2023 Aerodigestive Denver Conference – Detailed List

2023 Conference Introduction

Kaalan Johnson & Matt Brigger

Advanced Techniques in Feeding Therapy

Moderator: Randi Thomas
Speakers: Bridgett Harrington, Jamie Hogle, Kimberly Morris

Aerodigestive Care in Congenital Heart Disease

Moderator: Matt Brigger
Speakers: Doug Sidell, Naomi Lowe, Nikhila Raol, Robin Deterding

Aerodigestive Care in the Current Global Economic Crisis

Speakers: Mark Gerber, Christopher Wootten

Aerodigestive Management of the Syndromic Patient – Trisomy 21 – CHARGE – 22Q

Moderator: Sarah Kinder
Speakers: Clare Richardson, Sara Zak, Phillip Knollman

Aerodigestive Society Presidential Address – Emerging Aerodigestive Models Outside the United States

Speaker: Kaalan Johnson
Announcement of Research Awards
Virtual Welcome: Robin Cotton

Beyond the Triple Scope – When Combination Endoscopies Do not Yield the Answer

Moderator: Clare Richardson
Speakers: Hayat Mousa, MyMy Buu, Luv Javia, Paul Boesch, Alvaro Pacheco

Button Batteries & Caustic Ingestion – Acute Management and Long-term Care of Esophageal Injury

Moderator: Nik Wolter
Speakers: Tendy Chiang, Kishore Sandu, Natashia Seemann

Controversies in EA – TEF Management

Moderator: Todd Wine
Speakers: Jason Smithers, Erik Hysinger, Dan Von Allmen, Evan Propst, Randi Thomas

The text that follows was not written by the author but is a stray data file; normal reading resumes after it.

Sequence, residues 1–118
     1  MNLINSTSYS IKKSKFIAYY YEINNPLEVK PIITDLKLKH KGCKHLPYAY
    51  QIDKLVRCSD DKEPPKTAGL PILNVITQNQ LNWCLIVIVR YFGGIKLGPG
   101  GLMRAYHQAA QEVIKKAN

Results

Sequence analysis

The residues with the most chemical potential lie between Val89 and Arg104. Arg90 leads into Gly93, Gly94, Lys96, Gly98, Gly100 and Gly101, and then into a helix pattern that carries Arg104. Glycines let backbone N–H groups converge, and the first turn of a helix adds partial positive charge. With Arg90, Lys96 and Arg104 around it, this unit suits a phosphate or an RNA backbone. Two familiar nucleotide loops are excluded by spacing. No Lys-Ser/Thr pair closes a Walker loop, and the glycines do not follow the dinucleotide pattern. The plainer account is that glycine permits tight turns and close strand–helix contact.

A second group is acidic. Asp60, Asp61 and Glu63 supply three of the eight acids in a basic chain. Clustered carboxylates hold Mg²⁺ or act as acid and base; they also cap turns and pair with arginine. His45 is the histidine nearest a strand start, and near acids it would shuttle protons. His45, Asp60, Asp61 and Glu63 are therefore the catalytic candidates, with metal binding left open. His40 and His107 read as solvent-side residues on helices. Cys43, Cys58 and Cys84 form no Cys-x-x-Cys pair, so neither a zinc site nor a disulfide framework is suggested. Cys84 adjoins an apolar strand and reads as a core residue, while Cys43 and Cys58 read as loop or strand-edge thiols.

Controversies in managing Congenital Central Hypoventilation Syndrome

Moderator: Derek Lam
Speakers: Susan Slattery, Tracey Stewart, Ajay Kasi

Controversies in Thickening – Inpatient and Outpatient

Moderator: Kimberly Morris
Speakers: Jenny Maybee, Kim DeMarre, Sarah Kinder, Lauren Jalali

Difficult Cases in Dysphagia

Moderator: Brianna Grace
Speakers: Dana Williams, Reema Padia, Amy Faherty, Lauren Jalali

Drooling and Chronic Aspiration of Secretions

Moderator: Stephanie Wong
Speakers: Sam Daniel, Elton Ashe-Lambert, Cissy Si

Emerging Aerodigestive Models in Latin America – The Pediatrician as Consumer

Co-Moderators: Christopher Wootten
Speakers: Rebecca Maunsell, Alvaro Pacheco, Edgar Belteton, Andressa Peixoto, Kaalan Johnson

Expanding the Aero Team – Inpatient Consults – Leveraging the EMR – Role of the APP

Moderator: Lyndy Wilcox
Speakers: Jennifer Kha, Nasim Zadeh, Dave Molter, Sarah Connearney

FEES Update

Moderator: Jaime Hogle
Speakers: Jim Schroeder, Yann-Fuu Kou, Allison Brown

GI Literature Year in Review

Speaker: Pang Krasaelap

How much aspiration can a pulmonologist tolerate

Moderator: Tassos Koumbourlis
Speakers: Mohammad Fazili, Edgar Belteton

Learning from Each Other Aerodigestive Coordinator RN and APP Forum

Moderator: Clare Spahr, Jesse Erkman, Tinsley Recher, Amy Wrenn, Victoria Cohen, Sarah Vitolo, Annie Banas

Managing the Epiglottis – Strange Cases and Common Problems

Moderator: Tina Friesen
Speakers: Sohit Kanotra, Christopher Wootten, Taher Valika, Charlie Myer

Microbiome in the Aerodigestive Patient

Speaker: Jason Qian

Optimizing the Transition Home after a Tracheostomy

Moderator: Emily DeBoer
Speakers: Kevin Callans, Rosemary Patel, Carrie Liu

Otolaryngology Literature Year in Review

Speaker: Nancy Bauman

Overcoming the Supply Chain and Labor Shortages in Healthcare

Moderator: Jeremy Prager
Speakers: Andrew Georgilis, Joel Friedlander, Paul Imaoka

Parental Perspective on Communicating Inside and Outside the Aero Team

Co-Moderators: Taher Valika & Matt Brigger
Speakers: Maureen Devlin, Riahannon Valdez, Cheryl Paquete

Prevention and Management of Childhood Bronchiectasis

Moderator: Emily DeBoer
Speakers: Aparna Rao, Matt Abts, Sarah Hofman-DeYoung

New feature in test – chat with this page